Saturday, April 23, 2005
The Internet is a Denial of Service Attack on Your Brain.
"We found that mental performance, the capability of the brain, was
also reduced. Workers cannot think as well when they are worrying about
e-mail or voice mails. It effectively reduces their IQ," says Wilson. From http://in.rediff.com/money/2005/apr/23email.htm
What's interesting is our neurons love new information. New information commands our attention. And our dopamine
system is what tells us what is salient, that is, what we should pay attention
to. Not so coincidentally the dopamine system is involved with all types of addiction.
Cocaine, for example, overwhelms the system with its potency, installing itself as the
most important thing to pay attention to in a person's life.
New information is a less potent drug, but new information cries out
for attention too. The reason is clear: new information helps us
survive. Hey dummy, there's a lion over there, get a move on. You're smelling food, we better eat now. That sort
of thing. Our neurons love new information because that's why they
exist, to process new information.
Email and the internet are a source for flows of new information and
our brains are the sink taking it all in. The problem is email is an
infinite supply of low grade information. Email is mostly junk. Email
contributes next to nothing to our survival. Yet our brain wants to pay
attention to it anyway because it is new.
The Internet is in effect a denial of service attack on our brains. Constantly hit with new useless information we literally
can't pay attention to other parts of our life. The internet may not
have the same kick as cocaine, but the internet makes up for its lack of single
dose potency by having an infinite, constant, and varied supply.
On the internet there's always something new. New events are always happening. People
are always generating new content. The number of channels for
interaction is greater than ever before. We have email, IM, RSS, web
sites, discussion, groups, cell phones, TV, the radio. Our brain is in
heaven with all the information to attend to.
What to do? It doesn't look good. The internet has become like food,
something we can't do without. Food addiction is difficult to combat
because we must eat. You don't need to gamble or drink or take drugs to
survive so you can eventually get off them with some chance of not
Is the internet more like food or gambling? I can't imagine doing my
job or even living my life without the internet. A lot of people are in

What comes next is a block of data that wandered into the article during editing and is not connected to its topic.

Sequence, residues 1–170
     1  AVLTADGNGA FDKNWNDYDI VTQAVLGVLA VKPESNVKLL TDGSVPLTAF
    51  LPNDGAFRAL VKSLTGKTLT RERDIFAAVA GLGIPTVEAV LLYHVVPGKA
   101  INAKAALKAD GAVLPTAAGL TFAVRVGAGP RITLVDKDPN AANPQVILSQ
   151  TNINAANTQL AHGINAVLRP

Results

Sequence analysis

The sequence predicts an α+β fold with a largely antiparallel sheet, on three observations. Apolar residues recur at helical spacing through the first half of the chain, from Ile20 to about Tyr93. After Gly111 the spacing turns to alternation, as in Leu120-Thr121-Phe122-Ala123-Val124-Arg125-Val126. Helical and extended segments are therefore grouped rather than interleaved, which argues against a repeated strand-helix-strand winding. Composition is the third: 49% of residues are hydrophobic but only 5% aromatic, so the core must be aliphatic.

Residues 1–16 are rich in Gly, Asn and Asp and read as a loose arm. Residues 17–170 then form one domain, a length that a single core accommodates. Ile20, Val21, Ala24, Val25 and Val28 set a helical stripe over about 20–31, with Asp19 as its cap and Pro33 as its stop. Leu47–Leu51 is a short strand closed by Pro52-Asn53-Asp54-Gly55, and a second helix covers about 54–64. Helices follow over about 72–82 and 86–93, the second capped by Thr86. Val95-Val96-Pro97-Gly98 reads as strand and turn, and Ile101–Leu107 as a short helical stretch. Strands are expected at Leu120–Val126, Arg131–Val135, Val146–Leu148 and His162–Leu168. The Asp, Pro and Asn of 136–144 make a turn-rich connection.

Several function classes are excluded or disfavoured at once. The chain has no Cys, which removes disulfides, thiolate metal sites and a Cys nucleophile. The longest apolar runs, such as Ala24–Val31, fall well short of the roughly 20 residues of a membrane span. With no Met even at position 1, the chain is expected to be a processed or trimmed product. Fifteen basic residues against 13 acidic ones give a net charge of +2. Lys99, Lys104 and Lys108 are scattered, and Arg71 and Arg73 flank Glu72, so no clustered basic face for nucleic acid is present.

the same boat. And I have been on the internet since close to its
beginning, in 1985, so it has been a part of my life for a very long
time. Much like food :-)
in the future we can change our brains to have more conscious control
over what we give our attention to. Meditation is one low tech way
available to all of us right now. Though for mass acceptance we'll need
genetic, drug, or mechanical approach. It can't take a lot of effort
after all :-)
Better filters may not help. The problem is the dopamine system helps
drive your behaviour. So it can make you go do something, like a drug
addict getting the next fix. Having filters doesn't stop you from going
for your internet fix. Good filters may help stop the problem from
starting in the first place though.
Cut-off systems may help. Generalized lock down filters that stop you
from accessing content. Maybe they could be time based. Maybe they could
be input quantity based.
A routine based approach like eating may work. You have 3 or 4 or 5
meals a day with no snacking. Get your internet at specific times of
the day and at no other times. But then an emergency will happen,
everything becomes an emergency, and then relapse.
What makes the internet such an interesting problem is how similar it
is to all our other addictions: food, sex, drugs, gambling, etc. We'll
probably have to deal with it in the same muddled hodge-podge and
ultimately unsatisfactory way as everything else.
But the first step is to admit you have a problem :-)
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8/13/2006; 3:03:05 PM.